This week’s “Rebel With a Cause” is enigmatologist Will Shortz, the world’s only academically accredited puzzle master. He designed his own major at Indiana University, graduating in 1974 with a one-of-a-kind degree in Enigmatology, the study of puzzles. If you … Continued
Rebel of the Week
We typically think of rebels as people who refuse allegiance to, resist or rise up in arms against their governments. But a true rebel stands up for what he or she believes is right, not against what’s right. It’s about being an individual, upholding your principles and refusing to simply follow a crowd or let others force you to think and act the same way they do. Rebels are often trendsetters, innovators, trailblazers, thought leaders, change-agents.
In CUNY Baccalaureate, each student designs his or her own major guided by at least one faculty mentor. This is CUNY’s most innovative and flexible degree where students have access to courses across the entire university and they take on a major share of the responsibility for planning and carrying out their studies.
Because our students are taking “the road less traveled” by designing their own degrees, we’ve come to think of them as rebels, in the very best sense of the word. Accordingly, we’d like to tip our hat to other rebels who match our students’ tenacity and ambition.
Lee Lorch led the campaign to desegregate Stuyvesant Town, the massive Manhattan housing development that runs from 1st Avenue to the FDR and from East 14 to East 23, and helped make housing discrimination illegal nationwide. By helping to organize … Continued
Amar G. Bose was a visionary engineer, inventor and billionaire entrepreneur whose namesake company, the Bose Corporation, is known world-wide for its high-quality audio systems and speakers. Bose was born in a Bengali Hindu family and raised in Philadelphia, PA. … Continued
“Stagecoach” Mary Fields (1832-1914) was the first African American mail carrier (male or female) in the United States. Mary began her life as a slave in Tennessee in 1832. Her mother was the personal servant to the plantation owner’s wife, … Continued
In 1963, Leland Mitchell and his Mississippi State teammates had to sneak out of their state to compete in the N.C.A.A. basketball tournament. That’s right, they had to sneak out. Mississippi Governor Ross Barnett and other hard-core segregationists were worried … Continued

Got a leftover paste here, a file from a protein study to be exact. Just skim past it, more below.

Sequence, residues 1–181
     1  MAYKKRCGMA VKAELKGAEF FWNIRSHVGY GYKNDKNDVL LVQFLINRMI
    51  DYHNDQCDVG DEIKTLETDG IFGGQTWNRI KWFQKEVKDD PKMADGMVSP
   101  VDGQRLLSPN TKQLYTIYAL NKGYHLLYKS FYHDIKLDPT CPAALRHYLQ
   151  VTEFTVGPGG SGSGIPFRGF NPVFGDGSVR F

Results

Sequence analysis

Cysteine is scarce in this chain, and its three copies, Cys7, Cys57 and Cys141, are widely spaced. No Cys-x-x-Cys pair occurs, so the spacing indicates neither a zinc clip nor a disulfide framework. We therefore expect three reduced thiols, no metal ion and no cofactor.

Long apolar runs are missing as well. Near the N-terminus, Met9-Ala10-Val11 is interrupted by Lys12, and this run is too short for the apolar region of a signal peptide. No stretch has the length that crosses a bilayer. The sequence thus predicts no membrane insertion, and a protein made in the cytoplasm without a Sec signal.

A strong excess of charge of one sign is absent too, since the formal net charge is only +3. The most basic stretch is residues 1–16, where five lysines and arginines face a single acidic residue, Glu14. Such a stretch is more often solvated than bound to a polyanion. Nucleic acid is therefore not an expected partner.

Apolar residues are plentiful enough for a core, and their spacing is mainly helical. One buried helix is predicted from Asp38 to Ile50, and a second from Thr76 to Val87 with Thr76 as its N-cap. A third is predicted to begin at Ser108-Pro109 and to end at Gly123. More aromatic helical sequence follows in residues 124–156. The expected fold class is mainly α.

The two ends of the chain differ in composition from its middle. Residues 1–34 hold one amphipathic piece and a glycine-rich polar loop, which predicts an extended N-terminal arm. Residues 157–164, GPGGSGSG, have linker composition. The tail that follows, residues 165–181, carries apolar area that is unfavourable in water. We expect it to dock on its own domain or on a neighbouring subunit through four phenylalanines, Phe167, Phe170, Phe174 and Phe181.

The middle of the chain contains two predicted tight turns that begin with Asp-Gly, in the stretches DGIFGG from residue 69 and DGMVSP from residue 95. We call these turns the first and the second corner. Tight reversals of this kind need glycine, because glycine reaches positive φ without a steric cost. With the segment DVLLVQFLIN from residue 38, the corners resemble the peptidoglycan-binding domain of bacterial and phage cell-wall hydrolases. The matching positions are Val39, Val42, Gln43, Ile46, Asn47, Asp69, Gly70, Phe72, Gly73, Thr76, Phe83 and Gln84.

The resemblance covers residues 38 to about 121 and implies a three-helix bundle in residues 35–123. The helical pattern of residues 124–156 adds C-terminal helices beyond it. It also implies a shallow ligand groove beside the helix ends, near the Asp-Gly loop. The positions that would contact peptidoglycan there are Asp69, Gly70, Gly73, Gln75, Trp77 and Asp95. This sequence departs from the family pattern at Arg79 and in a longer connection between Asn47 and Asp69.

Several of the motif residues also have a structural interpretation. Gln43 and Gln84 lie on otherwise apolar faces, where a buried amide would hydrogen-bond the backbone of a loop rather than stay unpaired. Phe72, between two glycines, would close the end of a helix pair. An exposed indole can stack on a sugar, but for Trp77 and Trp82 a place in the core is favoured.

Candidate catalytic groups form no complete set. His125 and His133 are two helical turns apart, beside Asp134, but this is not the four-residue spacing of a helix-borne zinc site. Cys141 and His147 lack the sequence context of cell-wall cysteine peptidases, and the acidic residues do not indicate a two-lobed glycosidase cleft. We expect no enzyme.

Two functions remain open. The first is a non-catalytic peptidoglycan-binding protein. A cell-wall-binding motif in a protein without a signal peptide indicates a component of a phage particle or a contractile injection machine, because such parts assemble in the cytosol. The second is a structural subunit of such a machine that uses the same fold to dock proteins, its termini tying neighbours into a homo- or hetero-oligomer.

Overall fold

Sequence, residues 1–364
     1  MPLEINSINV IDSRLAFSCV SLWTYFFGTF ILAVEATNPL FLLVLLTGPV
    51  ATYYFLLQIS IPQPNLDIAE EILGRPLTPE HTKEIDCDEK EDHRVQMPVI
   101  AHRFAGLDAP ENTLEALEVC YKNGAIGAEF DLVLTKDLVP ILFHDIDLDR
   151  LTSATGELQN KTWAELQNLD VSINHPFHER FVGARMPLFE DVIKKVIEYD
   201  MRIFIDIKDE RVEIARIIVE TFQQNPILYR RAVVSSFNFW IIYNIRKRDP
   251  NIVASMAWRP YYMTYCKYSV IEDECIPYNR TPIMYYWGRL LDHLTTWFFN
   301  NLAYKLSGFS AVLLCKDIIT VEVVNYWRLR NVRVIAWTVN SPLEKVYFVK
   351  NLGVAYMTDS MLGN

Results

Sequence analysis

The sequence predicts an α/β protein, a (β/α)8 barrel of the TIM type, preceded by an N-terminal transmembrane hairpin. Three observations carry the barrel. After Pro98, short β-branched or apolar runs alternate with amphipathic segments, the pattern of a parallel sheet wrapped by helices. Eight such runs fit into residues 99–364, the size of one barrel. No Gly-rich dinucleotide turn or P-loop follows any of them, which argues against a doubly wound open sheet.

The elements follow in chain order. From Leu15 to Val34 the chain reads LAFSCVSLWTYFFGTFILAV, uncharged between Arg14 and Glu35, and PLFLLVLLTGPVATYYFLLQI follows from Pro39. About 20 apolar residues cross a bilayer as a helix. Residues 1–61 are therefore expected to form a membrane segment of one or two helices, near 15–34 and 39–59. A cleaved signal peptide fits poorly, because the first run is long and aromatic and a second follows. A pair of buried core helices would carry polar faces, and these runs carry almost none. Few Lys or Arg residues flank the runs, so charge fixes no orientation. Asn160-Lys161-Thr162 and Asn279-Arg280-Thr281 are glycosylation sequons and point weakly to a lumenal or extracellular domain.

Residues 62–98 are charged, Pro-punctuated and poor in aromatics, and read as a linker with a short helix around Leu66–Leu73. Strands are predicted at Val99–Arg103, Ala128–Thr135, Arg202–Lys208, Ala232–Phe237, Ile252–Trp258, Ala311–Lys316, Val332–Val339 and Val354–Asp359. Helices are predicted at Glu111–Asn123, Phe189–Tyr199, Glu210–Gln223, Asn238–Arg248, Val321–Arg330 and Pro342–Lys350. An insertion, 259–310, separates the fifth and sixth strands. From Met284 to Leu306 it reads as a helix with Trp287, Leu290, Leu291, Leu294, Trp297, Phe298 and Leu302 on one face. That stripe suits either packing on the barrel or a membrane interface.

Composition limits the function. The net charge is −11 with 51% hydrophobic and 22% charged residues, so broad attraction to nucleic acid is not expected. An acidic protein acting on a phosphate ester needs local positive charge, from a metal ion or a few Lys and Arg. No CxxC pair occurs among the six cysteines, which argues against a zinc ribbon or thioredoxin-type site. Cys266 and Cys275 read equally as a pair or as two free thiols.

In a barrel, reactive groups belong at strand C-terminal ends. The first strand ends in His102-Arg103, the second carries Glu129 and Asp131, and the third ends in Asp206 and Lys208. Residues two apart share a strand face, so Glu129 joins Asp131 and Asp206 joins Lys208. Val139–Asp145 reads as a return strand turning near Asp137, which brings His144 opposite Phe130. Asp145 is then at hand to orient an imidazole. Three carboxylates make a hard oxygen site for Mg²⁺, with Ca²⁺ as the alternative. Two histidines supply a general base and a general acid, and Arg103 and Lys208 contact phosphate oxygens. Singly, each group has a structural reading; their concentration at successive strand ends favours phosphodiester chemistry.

Candace Pert was a neuroscientist who, as a graduate student, helped discover a fundamental element of brain chemistry and later became a major proponent of alternative medicine. She was working at the Johns Hopkins University School of Medicine in the 1970s … Continued
In 1873, a black man was invited to teach and live on the Columbia campus of the University of South Carolina. He was the school’s first African American professor. Richard Theodore Greener, a rising intellectual who fought for racial equality, was … Continued
Last week’s “Rebel of the Week” was Engelbrekt Engelbrektsson (1390 – 1436). Engelbrekt Engelbrektsson was a Swedish mine owner and nobleman. His family migrated from Germany to Sweden in the 1360s. Frustrated by the overbearing Danish local bailiffs and by heavy taxation, … Continued
This week we salute a group of women as our Rebels of the Week. The Nazis called them “Night Witches” because they flew their missions at nighttime. Russian women piloted planes, one-time crop dusters made of plywood and canvas, and … Continued
Planetary astronomer Mark Showalter is rabid about rings. While everyone knows that Saturn has a spectacular ring system, it’s often forgotten that Jupiter, Uranus and Neptune are also encircled by rings, albeit ones that are fainter and narrower. Each of … Continued